Samsung is getting ready to recoup some of the costs, and diminish some of the environmental damage caused by last year’s recall of millions of Galaxy Note 7 smartphones.
After it was determined that some phones were catching fire due to battery issues, the company recalled the phone and worked with wireless carriers to remotely disable phones to keep them from exploding (and to keep owners from using unsafe phones).
Now Samsung plans to sell some refurbished models with smaller batteries and lower price tags.
At launch, the Samsung Galaxy Note 7R will only be available in Korea. Samsung is still evaluating whether to release the phone in other markets (which would be one of the reasons it showed up at the FCC website last week — but that doesn’t necessarily mean the phone will be available in the US anytime soon).
The refurbished model has a 3,200 mAh battery rather than a 3,500 mAh battery, as confirmed by photos of the Galaxy Note 7R in the wild. But that seems to be the only real change to the hardware. On the software side, the operating system has been updated to Android 7.0 (the Note 7 originally shipped with Android 6.0).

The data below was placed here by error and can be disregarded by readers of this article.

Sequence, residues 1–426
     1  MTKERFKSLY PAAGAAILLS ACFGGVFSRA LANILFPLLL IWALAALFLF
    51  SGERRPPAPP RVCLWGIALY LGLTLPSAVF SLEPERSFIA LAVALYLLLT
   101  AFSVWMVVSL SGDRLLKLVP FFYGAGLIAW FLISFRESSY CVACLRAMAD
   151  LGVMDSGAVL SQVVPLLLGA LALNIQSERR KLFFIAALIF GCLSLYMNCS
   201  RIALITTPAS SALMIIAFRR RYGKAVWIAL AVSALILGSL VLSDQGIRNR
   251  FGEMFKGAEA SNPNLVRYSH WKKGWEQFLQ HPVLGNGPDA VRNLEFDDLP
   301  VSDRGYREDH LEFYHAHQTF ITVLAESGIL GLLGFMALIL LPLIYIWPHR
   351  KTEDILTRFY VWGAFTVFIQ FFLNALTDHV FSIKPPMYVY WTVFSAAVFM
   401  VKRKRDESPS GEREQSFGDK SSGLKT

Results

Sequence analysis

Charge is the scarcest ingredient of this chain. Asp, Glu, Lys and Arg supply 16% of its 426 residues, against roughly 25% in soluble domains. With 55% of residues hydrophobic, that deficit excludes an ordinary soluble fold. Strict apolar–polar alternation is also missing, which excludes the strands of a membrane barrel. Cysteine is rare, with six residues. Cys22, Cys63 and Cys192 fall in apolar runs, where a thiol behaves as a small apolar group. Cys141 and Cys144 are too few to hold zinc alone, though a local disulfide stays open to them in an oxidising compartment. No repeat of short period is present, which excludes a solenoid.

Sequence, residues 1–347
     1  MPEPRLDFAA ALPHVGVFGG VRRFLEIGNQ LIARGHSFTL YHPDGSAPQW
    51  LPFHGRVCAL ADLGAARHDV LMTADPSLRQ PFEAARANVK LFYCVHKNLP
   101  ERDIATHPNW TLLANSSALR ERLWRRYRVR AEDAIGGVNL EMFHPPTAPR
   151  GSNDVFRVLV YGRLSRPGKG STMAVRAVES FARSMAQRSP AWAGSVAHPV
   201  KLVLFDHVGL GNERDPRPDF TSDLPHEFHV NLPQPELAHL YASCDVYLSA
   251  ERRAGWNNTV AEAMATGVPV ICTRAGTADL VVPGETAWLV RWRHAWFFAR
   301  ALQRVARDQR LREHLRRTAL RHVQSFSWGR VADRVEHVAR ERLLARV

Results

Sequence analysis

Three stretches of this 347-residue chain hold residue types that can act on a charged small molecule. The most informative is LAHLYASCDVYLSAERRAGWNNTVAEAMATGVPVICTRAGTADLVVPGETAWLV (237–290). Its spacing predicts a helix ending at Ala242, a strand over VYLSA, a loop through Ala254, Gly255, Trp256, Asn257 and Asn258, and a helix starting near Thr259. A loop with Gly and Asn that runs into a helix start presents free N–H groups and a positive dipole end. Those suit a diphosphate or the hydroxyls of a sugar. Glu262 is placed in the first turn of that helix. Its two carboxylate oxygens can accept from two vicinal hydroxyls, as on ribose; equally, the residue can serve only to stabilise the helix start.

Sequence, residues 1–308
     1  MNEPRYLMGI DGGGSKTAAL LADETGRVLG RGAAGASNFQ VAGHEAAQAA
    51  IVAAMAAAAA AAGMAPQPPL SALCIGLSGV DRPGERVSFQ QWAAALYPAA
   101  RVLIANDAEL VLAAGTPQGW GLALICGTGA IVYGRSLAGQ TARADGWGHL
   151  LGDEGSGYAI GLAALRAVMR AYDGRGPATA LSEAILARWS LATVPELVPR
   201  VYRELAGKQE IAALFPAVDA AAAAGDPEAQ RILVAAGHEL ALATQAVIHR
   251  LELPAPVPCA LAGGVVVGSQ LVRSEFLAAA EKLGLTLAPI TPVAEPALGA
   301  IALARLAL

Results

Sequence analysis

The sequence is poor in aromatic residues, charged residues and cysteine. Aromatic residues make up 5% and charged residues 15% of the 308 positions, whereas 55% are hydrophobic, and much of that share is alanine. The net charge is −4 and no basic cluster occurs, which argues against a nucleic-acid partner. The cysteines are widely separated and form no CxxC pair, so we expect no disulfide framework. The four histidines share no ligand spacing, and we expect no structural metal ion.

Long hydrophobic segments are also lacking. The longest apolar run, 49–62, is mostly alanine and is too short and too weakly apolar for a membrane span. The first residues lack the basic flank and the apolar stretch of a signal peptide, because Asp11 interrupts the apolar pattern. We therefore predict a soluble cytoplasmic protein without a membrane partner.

Samsung’s phone features a 5.7 inch, 2560 x 1440 pixel display with pen support, a Samsung Exynos 8890 processor, 4GB of RAM, and a 12MP camera. While it was fire-prone, early reviews suggested it was one of the most powerful smartphones of 2016.
These days it has to compete with new models sporting 2017-era hardware, including Samsung’s own Galaxy S8 smartphone. So it makes sense that the company would give the phone a price cut. It still isn’t cheap though: the Note 7R is expected to sell for about $620 in South Korea.
Update: A recent report from The Investor suggests the price will be substantially lower, at about half the original cost of a Galaxy Note 7, which would be around $440.
Expect the starting price of the upcoming Galaxy Note 8 to be substantially higher.